Monday, March 22, 2010

Courtship vs Dating, Our Story--pt 1

With the last post about sexuality and reading Razing Ruth's blog, I've wondered if it was time to do a post on the whole dating vs. courtship thing and our story. I am not sure how much detail to go into, or how much commentary I should add. As you know, I am comfortable sharing about myself, but I am not sure how much to share about other people. So, we'll see what ends up making it into this post. Feel free to ask any questions if you are interested!

As I mentioned before, my family was very heavily involved in all of the Bill Gothard teachings. There were some things, like TV, where my dad took the teachings with a grain of salt and we applied them according to our own conscience and discretion. The whole issue of courtship was one where we embraced those teachings much more fervently.

I first started attending the seminars for myself when I was twelve. Like most girls my age, I had guys that I had a crush on. However, Gothard's point of view made a lot of sense to me. He taught that instead of the typical dating cycle that begins fairly early here, it was better to not play around with relationships. Instead, he advocated courtship where the outcome was marriage (unless something very unexpected occurred) and that this should be an agreement between the guy and the girl's parents.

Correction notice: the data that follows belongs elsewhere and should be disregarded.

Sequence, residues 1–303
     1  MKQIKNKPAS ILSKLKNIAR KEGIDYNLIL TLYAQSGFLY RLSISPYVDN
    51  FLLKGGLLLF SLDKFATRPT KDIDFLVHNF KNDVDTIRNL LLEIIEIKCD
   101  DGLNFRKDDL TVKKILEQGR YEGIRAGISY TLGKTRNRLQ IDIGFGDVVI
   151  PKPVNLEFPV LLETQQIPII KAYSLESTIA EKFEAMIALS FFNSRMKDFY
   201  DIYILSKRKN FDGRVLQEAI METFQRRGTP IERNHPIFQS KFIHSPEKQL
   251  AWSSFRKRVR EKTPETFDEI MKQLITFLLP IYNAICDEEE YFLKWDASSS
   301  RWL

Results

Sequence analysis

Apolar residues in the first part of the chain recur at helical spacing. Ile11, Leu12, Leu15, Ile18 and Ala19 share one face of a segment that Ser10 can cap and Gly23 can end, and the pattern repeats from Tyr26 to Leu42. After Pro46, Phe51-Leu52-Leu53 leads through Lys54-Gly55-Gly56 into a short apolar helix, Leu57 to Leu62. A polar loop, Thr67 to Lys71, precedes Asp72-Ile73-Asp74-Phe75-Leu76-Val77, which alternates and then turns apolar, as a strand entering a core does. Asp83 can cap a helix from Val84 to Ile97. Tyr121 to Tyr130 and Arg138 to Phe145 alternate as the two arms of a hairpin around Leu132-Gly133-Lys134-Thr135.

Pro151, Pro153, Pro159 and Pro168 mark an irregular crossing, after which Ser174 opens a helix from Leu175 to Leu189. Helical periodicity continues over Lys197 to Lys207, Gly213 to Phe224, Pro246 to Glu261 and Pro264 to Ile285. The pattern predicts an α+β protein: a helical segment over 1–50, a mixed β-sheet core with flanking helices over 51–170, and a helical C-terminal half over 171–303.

(A quick note: although courtship and dating are considered to be drastically different, I found that in real life the distinction was a bit blurrier. Also, the term courtship sounds so archaic that it is easier to use dating, even though we never did the casual dating according to definition. As I said, it wasn't always clear since we wound up not perfectly following the prescription for courting, either.)

I could already see kids around me going through emotional rollercoasters by getting involved with someone when there was no thought of marriage at all. The hurt feelings, rejection and jealousy they had to deal with, even without any physical involvement, made me sad for them. It seemed like a waste of time and inevitably brought heartache. I soaked up books like Elisabeth Elliot's Passion and Purity, and decided that I would guard my heart.